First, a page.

Mr. Hunt. Not exactly that, Mr. Pettengill.

Mr. PETTENGILL. Here is your pipe-line company which comes in from outside the State of New York. Mr. HUNT. Yes. Mr. PETTENGILL. That is interstate commerce. Mr. HUNT. Yes.

Mr. PETTENGILL. That comes into the distributing company. You mix the gas with artificial gas.

Mr. HUNT. Yes.

Mr. PETTENGILL. And at that time there is not a sale in interstate commerce; that is a local transaction.

Mr. Hunt. The sale by the pipe line, interstate pipe-line company is to the Syracuse Light Co.

Mr. PETTENGILL. But you are not selling in interstate commerce; you are selling locally. You are selling at the point where interstate commerce leaves off.

Mr. HUNT. I was under the impression the situation is this, the sale by the interstate pipe-line company might be said to be in interstate commerce—the sales by the Syracuse Lighting Co. are, I believe, wholly intrastate. My point is that the wording of the definition is not entirely clear that such sales by the Syracuse Co. are exempted from the bill. The sales of natural gas to the Syracuse Co. might be said to be in interstate commerce.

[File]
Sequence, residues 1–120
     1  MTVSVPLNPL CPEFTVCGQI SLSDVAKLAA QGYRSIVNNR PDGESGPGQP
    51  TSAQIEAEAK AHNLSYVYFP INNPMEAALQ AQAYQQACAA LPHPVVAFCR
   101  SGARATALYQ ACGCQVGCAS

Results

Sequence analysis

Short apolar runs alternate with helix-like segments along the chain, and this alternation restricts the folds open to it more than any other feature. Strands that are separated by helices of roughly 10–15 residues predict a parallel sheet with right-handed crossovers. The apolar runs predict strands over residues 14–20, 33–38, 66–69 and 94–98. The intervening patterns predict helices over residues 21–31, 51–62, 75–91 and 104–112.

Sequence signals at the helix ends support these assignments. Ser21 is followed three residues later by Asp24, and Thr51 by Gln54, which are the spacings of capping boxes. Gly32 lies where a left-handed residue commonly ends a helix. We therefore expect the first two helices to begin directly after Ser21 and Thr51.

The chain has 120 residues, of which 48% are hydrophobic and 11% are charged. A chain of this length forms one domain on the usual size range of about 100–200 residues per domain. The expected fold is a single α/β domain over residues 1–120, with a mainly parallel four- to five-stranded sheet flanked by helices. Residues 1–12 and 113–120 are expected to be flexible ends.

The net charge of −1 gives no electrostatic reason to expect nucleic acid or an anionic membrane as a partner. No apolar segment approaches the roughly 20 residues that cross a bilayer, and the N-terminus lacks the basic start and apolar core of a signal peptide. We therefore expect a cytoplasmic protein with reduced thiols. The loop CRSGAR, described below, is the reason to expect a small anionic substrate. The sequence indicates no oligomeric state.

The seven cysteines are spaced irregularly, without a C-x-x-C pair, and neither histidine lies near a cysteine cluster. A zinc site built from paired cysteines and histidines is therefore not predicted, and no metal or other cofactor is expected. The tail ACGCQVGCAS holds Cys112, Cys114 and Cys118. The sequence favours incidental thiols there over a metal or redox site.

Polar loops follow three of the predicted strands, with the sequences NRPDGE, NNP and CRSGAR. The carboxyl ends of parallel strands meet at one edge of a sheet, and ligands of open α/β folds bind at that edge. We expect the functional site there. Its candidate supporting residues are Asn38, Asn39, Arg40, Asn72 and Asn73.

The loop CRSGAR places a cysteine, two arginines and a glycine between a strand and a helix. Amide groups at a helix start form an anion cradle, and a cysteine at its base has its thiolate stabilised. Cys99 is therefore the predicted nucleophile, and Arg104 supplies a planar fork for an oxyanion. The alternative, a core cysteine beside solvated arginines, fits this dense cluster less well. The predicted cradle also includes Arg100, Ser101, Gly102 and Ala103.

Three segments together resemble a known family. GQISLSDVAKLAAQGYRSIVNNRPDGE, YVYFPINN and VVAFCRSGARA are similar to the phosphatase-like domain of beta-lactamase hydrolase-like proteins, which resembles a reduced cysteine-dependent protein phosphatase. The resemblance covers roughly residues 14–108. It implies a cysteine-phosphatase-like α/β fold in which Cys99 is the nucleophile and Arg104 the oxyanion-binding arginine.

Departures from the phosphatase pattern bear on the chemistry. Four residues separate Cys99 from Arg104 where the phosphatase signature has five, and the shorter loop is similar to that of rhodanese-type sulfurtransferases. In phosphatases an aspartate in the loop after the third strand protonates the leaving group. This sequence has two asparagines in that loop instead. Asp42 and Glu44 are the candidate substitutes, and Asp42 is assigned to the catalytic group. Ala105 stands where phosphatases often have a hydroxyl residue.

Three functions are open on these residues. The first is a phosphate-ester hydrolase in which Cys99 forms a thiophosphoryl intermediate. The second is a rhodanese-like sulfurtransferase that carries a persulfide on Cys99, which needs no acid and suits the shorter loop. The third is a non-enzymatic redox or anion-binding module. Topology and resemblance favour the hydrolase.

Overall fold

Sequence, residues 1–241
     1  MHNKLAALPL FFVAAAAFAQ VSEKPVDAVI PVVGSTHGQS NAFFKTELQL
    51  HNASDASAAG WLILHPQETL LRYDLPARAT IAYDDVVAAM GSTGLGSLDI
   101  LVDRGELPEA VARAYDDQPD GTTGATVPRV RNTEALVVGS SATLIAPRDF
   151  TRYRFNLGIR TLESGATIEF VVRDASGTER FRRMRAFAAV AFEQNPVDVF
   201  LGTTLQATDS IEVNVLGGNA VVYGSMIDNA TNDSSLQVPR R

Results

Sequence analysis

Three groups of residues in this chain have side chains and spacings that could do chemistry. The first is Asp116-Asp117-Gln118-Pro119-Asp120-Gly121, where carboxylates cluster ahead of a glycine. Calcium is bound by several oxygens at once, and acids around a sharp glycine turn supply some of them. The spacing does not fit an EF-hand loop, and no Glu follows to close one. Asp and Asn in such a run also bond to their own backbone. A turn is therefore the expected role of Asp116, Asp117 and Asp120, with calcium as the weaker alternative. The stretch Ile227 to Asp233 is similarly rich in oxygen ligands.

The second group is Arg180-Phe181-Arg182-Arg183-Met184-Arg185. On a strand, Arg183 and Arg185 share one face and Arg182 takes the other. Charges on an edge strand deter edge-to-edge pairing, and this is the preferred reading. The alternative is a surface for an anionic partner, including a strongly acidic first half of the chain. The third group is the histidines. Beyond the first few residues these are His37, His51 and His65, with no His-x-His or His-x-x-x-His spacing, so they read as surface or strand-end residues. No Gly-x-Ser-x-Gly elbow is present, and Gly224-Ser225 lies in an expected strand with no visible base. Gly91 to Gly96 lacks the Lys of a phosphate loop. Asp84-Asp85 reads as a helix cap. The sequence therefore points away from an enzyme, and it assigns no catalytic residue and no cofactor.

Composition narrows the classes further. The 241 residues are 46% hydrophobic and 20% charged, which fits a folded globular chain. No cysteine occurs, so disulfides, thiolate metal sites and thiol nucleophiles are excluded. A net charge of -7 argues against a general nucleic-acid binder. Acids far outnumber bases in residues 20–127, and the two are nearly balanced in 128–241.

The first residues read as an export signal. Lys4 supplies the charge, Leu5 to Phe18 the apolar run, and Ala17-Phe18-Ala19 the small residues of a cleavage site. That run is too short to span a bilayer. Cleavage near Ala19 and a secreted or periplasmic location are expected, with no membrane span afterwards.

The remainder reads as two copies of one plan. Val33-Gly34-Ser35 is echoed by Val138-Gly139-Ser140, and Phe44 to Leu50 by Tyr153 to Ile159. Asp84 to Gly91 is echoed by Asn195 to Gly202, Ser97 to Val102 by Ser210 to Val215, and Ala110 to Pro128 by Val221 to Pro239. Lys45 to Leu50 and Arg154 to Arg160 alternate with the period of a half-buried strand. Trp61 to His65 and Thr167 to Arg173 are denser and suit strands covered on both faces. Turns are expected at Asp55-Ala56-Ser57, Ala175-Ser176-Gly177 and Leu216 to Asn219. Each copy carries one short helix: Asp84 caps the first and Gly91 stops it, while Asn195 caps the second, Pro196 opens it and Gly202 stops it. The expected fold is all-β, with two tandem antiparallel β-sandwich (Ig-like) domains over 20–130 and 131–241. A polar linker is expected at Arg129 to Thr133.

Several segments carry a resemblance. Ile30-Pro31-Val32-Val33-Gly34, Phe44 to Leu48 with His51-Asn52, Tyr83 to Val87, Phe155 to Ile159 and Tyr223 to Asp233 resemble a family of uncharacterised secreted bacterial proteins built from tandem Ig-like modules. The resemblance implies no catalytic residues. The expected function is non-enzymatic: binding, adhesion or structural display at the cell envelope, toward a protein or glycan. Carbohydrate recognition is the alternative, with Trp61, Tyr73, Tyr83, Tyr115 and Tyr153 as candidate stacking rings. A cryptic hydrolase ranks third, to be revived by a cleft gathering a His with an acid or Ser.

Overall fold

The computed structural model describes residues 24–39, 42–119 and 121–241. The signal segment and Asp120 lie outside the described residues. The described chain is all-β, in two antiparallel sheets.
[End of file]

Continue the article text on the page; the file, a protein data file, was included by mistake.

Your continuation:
Mr. WADSWORTH. The sale at the gate ?
Mr. HUNT. The sale at the city gate.
Mr. HUNT. Is regulated ?

Mr. WADSWORTH. Yes; my impression was the regulation of the gate rate was to be accomplished under the interstate-commerce clause.

Mr. Hunt. My point, Mr. Wadsworth, is not whether the sale at the city gate is involved but the subsequent sales by the purchasing utility company. To four local companies which distribute the mixed gas. Because of these sales it is possible that the definition as it now stands could be said to include those sales.